It's not art. It's fishing.

Don't get caught up in the romantic, mystical mumbo-jumbo. You'll start catching fish sooner if you take a pragmatic approach to the sport.

Also, I've mentioned numerous times on other threads that reading the water is the most important factor in success. The biggest difference between the guys catching fish and the guys who aren't is where they are fishing. One of the biggest mistakes i see guys doing is wasting a lot of time trying to cover wide, long, fairly shallow, featureless flats. Unless you see actively feeding fish there, this is not a recipe for success.

Depending on how much fishing experience you laready have, it could take a while, or you may pick it up very quickly. When I started I had several years of trout fishing experience and almost as much experience fishing for panfish with flies. It was an easy transition.

Kev

Posted on: 2013/3/7 5:45


Re: How long will it take?

Joined:
2008/5/29 15:28
From Lititz/Huntingdon
Posts: 931
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Quote:

gmillen wrote:
I was just thinking about how long it will take to catch fish flyfishing because. This is my first year I will be going out. And was wondering how long it took you guys to catch your first trout flyfishing.And any tips that might help out on the stream I will mostly be going for brook and brown trout on a steam called little mahonning fly project and tionesta river in forest county if you guys have heard of those. I've heard the wooly bugger would be simple and effective and will be fishing with a redington crosswater.
Any info is apriciated i'm new to the art.

Thanks Garrett Millen....


Your making way too much out of this. All fly fishing is, is another way to present a fly/lure to the fish. Try not to make a science project out of all the hype you see, hear and read. It really isn't that tough. Have fun.

Posted on: 2013/3/7 7:37
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Re: How long will it take?

Joined:
2008/1/31 17:19
From Pretty much everywhere at some point, Thorndale today.
Posts: 13401
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I'm very familiar with both streams, but especially the Tionesta. We have a camp on German Hill and I have fished it all my life, probably consider it my "home" stream. Most familiar with the lower end, from say Blue Jay down to Kelletville.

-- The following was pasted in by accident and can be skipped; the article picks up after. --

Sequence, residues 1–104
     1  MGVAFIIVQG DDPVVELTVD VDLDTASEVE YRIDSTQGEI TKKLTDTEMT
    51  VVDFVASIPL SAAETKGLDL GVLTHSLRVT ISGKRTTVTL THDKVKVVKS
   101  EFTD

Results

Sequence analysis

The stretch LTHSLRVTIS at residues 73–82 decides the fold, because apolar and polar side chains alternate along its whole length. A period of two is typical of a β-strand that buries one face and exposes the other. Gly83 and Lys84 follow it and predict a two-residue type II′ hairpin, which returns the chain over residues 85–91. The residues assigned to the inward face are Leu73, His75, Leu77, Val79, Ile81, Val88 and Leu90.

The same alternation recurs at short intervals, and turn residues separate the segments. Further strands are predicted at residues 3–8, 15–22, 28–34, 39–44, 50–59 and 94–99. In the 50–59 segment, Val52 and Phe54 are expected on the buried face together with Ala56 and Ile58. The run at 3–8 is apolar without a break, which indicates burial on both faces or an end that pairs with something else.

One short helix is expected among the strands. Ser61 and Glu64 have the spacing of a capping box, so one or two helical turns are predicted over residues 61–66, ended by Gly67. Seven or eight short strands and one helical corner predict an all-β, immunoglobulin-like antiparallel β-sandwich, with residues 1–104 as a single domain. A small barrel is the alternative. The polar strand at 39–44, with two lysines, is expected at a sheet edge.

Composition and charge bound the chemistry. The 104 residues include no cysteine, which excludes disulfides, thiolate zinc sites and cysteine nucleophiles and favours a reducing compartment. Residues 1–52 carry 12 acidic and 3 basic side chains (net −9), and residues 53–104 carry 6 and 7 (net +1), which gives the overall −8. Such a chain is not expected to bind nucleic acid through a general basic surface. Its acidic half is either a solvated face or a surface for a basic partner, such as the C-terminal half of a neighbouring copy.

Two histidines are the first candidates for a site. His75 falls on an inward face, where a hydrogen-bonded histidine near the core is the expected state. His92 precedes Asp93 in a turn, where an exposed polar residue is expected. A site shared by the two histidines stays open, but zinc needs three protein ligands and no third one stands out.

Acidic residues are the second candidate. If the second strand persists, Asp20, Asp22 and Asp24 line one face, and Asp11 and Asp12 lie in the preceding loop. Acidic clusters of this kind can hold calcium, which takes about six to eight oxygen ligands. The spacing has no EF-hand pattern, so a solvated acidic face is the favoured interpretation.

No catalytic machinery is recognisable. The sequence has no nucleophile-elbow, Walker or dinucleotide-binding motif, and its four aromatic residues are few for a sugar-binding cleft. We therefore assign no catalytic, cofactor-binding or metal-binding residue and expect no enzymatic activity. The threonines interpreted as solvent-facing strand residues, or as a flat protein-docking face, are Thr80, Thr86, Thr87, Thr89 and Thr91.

Bug life is pretty caddis centered. Mayflies have been making a very noticable comeback the last few years. But it doesn't have near the bug life of nearby streams like Oil Creek. I've seen sporadic risers at times, and done well on wet flies during what passes as a "hatch" there. But generally I do best with "non-bugs" there. They stock mostly bows in the early stockings and I do the best by far with egg imitations. Later in the season they stock mostly browns, and woolly buggers and streamers in general do best. Also, the stream has a ridiculous number of crayfish. Late in the season as brown trout fade to smallies, you can do well for both on crayfish imitations.

It is very cold in the early season, sometimes making fishing tough. The old "it's the direction of change, not the actual temperature" holds pretty well, if the weather is on a warming trend things are good, cold fronts put it off. And it warms quickly, transitioning to bass water in late May/early June. But it's stocked heavy, it's big and long and the people spread out, and thus fishing can be very good for a few weeks there. The whole system is also loaded with small wild brookie streams, which fish best in June right as the Tionesta is transitioning to warmwater. Plus, umm, Oil is within striking distance, with better hatches, more dry fly opportunities, and the cool water/good fishing typically holds on longer, into early July on a cooler/wetter year.

As far as how long it takes to catch fish. I transitioned from bait/spin fishing, which was a big help. I already had most of the skills in regards to knowing when and where and with what to fish, reading water, etc. I was catching a few after only 2-3 outings. And I progressively got better from there. It still took me 4 or 5 years, and probably around 500 outings, to get to the point where I was outfishing my old bait fishing self. You gotta have fun with the learning process, or else you'll inevitably quit and go back to bait where the catching is often easier.

Posted on: 2013/3/7 8:28


Re: How long will it take?

Joined:
2013/1/3 12:20
From Coatesville, Pa
Posts: 49